The Omnipotent Ones

Way back when the original passage of "Obamacare" was being debated, the cynics liked to suggest that the legislation was so bad that it was specifically designed to fail. The logic was that if Obamacare fails, the American public would run screaming toward "single payer health care."

It's the kind of nefarious theory that plays well with the conservative and libertarian crowds, but - like the 9/11 and Iraq War conspiracies before it - it assumes that the US government is a highly coordinated, intelligent, and frankly omnipotent entity that actually has the power to pull something like this off. My experience with government, however, is that it simply isn't capable of that degree of coordinated effort.

Simply Not Capable
There is a great deal of counter-evidence for the assumed "awesome power" of government.

For example, think how long it took to capture Osama bin Laden, despite the fact that he was "hiding out" in a house in Pakistan. No matter who or what you might choose to blame for the fact that it took so long to catch him, the fact remains that it did. None of the possibilities you might suggest support the idea that the government is a highly efficient and capable entity.

Or, consider the fact that, despite having waged "wars" on both drugs and poverty, the US government is still a long way away from solving either problem. Consider the fact that the number one gripe of school systems is that they are under-funded, despite the fact that funds to schools have been increasing for decades. Consider the fact that tax revenues never change no matter how the tax rates happen to be set. Consider the fact that, in order to catch the alleged Boston Marathon bombers, the entire city of Boston had to be placed under house arrest, and even then it took days. Consider the fact that the government cannot even prevent people from smuggling bombs onto airplanes without creating a massive surveillance system that involves microwaving our luggage and taking x-ray photos of our naked bodies, and even then people still manage to bring explosives in on their shoes.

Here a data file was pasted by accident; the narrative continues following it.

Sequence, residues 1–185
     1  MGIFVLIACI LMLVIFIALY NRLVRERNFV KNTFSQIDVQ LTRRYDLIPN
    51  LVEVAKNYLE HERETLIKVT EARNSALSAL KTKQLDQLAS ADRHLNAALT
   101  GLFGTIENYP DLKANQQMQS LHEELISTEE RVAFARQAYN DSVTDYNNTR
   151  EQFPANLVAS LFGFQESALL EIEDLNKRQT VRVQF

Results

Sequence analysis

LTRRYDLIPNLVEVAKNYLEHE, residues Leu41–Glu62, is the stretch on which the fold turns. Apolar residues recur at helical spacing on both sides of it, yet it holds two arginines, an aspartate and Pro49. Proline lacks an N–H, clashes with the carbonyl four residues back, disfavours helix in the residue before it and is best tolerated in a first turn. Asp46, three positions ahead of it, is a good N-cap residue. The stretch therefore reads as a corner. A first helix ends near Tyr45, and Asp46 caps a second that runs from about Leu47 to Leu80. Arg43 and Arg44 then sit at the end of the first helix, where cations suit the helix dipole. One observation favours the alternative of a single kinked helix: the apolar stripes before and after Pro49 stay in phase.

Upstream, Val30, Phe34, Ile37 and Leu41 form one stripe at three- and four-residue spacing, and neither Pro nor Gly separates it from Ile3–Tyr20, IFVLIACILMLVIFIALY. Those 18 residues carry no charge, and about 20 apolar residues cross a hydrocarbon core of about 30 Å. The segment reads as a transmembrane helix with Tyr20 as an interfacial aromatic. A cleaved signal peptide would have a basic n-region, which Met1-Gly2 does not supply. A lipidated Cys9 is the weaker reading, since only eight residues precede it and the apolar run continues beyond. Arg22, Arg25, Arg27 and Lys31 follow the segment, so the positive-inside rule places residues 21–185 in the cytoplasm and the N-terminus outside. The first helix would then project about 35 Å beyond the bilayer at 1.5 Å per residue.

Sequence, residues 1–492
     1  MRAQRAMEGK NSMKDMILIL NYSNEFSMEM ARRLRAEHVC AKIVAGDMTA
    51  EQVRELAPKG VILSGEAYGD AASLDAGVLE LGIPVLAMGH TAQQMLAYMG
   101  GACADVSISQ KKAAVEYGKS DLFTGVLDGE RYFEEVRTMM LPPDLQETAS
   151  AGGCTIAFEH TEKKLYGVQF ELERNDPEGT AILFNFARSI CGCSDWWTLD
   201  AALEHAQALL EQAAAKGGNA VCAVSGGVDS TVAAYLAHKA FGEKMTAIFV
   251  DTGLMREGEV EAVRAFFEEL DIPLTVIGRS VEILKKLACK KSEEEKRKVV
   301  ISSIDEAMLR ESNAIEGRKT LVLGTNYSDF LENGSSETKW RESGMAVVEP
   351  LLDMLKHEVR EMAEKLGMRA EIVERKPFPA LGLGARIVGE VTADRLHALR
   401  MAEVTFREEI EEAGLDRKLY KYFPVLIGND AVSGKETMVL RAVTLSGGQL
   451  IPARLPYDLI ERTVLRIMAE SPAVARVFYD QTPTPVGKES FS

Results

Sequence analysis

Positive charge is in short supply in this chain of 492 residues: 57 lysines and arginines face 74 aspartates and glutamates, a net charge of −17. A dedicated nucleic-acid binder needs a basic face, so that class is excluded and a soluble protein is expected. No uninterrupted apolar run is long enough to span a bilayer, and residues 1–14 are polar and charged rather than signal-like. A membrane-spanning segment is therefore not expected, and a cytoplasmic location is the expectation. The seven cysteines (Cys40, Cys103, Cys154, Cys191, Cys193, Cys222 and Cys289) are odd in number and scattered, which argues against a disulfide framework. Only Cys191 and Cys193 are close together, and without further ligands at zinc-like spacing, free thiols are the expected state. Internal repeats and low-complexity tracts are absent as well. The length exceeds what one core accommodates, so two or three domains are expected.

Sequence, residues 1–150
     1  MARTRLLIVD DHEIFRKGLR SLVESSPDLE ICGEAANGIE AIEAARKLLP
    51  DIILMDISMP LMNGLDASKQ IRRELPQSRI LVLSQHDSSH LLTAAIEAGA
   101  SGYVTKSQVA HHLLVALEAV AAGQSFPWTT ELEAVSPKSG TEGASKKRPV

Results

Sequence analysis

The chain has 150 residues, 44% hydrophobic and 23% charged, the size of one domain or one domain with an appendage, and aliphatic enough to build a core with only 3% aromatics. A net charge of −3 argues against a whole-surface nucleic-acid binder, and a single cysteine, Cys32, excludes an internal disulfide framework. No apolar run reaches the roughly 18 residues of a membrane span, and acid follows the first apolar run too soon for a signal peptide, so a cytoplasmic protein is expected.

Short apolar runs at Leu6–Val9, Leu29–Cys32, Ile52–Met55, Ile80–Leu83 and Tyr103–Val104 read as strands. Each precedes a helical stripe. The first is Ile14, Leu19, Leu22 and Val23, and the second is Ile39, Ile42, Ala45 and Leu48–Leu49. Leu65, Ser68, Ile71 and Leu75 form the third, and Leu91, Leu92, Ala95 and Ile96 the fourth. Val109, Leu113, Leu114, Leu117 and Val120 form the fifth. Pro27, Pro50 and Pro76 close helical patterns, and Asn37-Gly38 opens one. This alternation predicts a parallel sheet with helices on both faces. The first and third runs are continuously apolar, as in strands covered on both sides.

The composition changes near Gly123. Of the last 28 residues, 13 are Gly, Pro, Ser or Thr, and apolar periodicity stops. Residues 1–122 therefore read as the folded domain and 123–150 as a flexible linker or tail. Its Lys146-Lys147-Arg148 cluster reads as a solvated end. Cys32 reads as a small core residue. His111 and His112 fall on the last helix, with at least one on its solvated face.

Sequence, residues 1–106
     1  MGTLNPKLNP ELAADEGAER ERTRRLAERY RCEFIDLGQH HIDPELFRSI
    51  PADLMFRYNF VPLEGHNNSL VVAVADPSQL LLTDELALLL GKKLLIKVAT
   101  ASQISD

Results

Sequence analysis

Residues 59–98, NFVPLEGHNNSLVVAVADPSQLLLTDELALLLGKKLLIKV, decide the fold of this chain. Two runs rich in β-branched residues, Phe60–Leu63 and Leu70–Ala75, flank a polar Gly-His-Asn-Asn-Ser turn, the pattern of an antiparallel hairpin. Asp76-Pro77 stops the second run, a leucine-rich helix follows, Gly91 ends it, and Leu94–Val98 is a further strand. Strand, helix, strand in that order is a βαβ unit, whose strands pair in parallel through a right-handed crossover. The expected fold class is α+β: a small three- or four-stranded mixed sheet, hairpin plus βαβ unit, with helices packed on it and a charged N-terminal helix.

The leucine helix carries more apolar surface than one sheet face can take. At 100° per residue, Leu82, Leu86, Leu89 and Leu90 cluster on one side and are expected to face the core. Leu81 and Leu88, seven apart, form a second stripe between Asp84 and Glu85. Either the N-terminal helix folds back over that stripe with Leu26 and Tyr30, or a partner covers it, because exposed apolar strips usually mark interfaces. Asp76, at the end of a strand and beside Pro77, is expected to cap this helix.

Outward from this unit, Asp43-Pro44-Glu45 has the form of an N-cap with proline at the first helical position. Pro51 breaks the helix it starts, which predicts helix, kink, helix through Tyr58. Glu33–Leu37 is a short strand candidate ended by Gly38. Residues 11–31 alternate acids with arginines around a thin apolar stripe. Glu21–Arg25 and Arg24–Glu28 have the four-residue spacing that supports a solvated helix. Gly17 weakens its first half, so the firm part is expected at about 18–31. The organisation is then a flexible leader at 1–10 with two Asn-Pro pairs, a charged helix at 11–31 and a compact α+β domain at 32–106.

The list goes on and on. Add it up, and the picture of the US government is not one of an extremely capable entity like you see in the movies. It's one that bungles its way through our lives, barely managing to meet its lowest expectations.

Libertarians And Statists Alike
But the misguided belief that the government is awesome and omnipotent is the kind of belief that's necessary to both fans and foes of government.

Statists and moderates who favor a significant role of government in our lives simply must believe in government's omnipotence because, were the government a collection of bumblers, none of the logic behind government intervention would stand up to scrutiny. How can you argue for a Medicare expansion, for example, if you already know in advance that the government isn't capable of really solving any of the problems it attempts to solve? Thus, interventionists instead say, "Yes, we can!"

I'd be inclined to stop there and score some points with "the political base" if such things mattered to me. After all, many libertarian criticisms are founded on the notion that the government will never succeed in whatever it attempts. But how do libertarians reconcile that belief against their insistence that, for example, Obamacare was designed to fail in order to bring about single payer health care? Such a strategy would require such a coordinated effort across so many thousands of people for so many years that it very nearly would have been easier to simply get health care right the first time. Once again, even the libertarians assume that the government is too capable.

So this is an illusion embraced by everyone.

Incomplete Other
This is from the Wikipedia entry on Jacques Lacan: